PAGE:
I’m slowly finding more moments of time for patchwork. What a joy it is to build something so simple and so sweet.
March 23, 2010
March 30, 2009
Thank you so, so much to all of you who bid and commented on my quilt auction for the Victorian bushfires. The response was really humbling: so many of you, from such disparate places, made such generous bids. Nettie was successful with a bid of $380 plus postage for a vintage sheet cot quilt. It’s made to order in blues, purples, and pinks.
Extra surprises came from Josie, who threw in $50 just because she’s a sweetheart, and Dan’s aunt Ange, who offered to donate $200 for a tiny scrap quilt she could use as a wall hanging or on the table. How could I say no?
And that’s how I managed to donate more than I earn in the average week — certainly not something I’d be in a position to do without your help.
Nettie and Ange’s quilts will be in the mail today, along with copies of the thank you letter sent by the Red Cross. Thanks again to all of you for your kindness.
August 26, 2008
This was just as much fun as a project could be. (First stages were blogged here.) My favourite part is the bottom left hand corner, with tiny postage stamp squares, a flower, and a miniature block:
My lovely Perth friend Kate Hicks and I started by cutting and sewing at random. She ironed and trimmed while I pinned and stitched: it’s lovely to have company in the sewing room, isn’t it? It’s rare for me these days, what with both Hicks sisters living in other cities. I’ve tried to persuade the Masculine Quilt Advisor to try sewing, or at least ironing, but he seems quite content with … not.
Anyhoo … I quilted, bound and washed this little cot quilt almost a week ago, but I’ve been waiting for a sun beam in which to photograph the quilting. On the subject of quilting: what is WITH invisible thread? Do human beings actually use this stuff? How?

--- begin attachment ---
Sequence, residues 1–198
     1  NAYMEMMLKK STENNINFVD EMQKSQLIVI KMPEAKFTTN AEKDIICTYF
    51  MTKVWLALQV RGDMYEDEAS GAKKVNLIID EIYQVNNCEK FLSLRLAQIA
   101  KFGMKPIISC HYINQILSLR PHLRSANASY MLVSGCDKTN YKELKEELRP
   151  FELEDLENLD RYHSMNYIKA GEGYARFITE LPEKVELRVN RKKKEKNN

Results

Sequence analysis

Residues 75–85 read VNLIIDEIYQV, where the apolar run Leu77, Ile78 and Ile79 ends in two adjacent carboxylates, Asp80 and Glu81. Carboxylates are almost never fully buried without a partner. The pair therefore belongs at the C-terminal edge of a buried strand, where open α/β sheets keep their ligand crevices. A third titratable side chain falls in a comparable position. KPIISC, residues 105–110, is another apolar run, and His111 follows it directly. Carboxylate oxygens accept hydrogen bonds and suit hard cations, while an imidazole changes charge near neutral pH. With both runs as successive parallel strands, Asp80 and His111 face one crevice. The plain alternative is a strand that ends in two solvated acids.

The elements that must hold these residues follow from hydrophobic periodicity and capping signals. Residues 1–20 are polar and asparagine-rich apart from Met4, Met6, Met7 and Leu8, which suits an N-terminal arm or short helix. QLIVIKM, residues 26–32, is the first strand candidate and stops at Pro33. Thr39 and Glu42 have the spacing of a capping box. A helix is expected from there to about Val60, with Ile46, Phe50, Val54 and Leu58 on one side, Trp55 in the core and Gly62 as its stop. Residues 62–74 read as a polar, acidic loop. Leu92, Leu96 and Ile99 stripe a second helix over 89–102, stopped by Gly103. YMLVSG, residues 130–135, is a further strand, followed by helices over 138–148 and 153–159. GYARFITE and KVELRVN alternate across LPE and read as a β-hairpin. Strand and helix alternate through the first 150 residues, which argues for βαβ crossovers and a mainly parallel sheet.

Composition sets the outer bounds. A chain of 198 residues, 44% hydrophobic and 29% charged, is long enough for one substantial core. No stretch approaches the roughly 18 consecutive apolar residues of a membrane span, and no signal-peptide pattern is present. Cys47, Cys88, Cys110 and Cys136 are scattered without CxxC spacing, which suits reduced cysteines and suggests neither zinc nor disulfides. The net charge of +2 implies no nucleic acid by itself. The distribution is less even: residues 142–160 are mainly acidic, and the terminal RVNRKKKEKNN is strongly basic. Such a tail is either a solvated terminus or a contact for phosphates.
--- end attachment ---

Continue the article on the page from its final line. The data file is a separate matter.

I loaded it as instructed, with a purple cotton in the bobbin to match that lovely button print backing. Then within minutes — nay, seconds — it proceeded to make a wretched mess. It caught in my machine. It cut my fabric. To add insult to injury, it was nearly impossible to pick out. I did some Googling and found that it has KILLED cats and dogs who’ve unwittingly swallowed the evil, slicing stuff. YUK. An image ran through my mind of a baby schnauzer puppy in my sewing room, which was nasty … and seconds later I remembered it was a BABY QUILT. For a living breathing (well, soon) tiny defenceless little baby. Oh. My. God.
I was sorely tempted to take the thread back and throw it at the sales desk, but the girls there meant well, I’m sure. Instead, I cut it out, all of it, slowly, and dealt with the fuss of changing top threads instead.
OK, enough ranting. Pretty, isn’t it?
July 26, 2008
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In fact, too busy to post!
I spent this Wednesday photographing about 230 entries for the July Quilt Showcase, which is on with a craft fair at Jeff’s Shed until Sunday 5pm. It’s absolutely worth going to have a look if you’re in Melbourne, and I have a lot of pictures to show you, but they’ll have to wait until the next post. Because I have photos of my own!
My friend Kate came to stay last night, and we went a bit nuts in the fabric cupboard. I’ve been trying to decide on a pattern for a baby quilt: our mutual friend Kristy (Krick) is a few months pregnant and in need of some crafty goodness. Kate and I played around over and over with different combinations, and eventually decided to hack out bits and pieces of any fabric we thought was good for a little baby and a toddler. So we have some pretty pieces from the Vintage Fabric Swap, some frogs, a caterpillar, two miniature blocks that had no other home, some musical notes that Krick gave me a few years ago to make a quilt for Kate’s sister, a tropical bird, apples, buttons … we didn’t plan or measure, we just cut and sewed and added extra bits when what we had wasn’t enough any more. Hence some dodgy edges that will have to be cut down a little.
I’ll stipple quilt it by machine if I can figure out how. Otherwise, straight lines should be fine.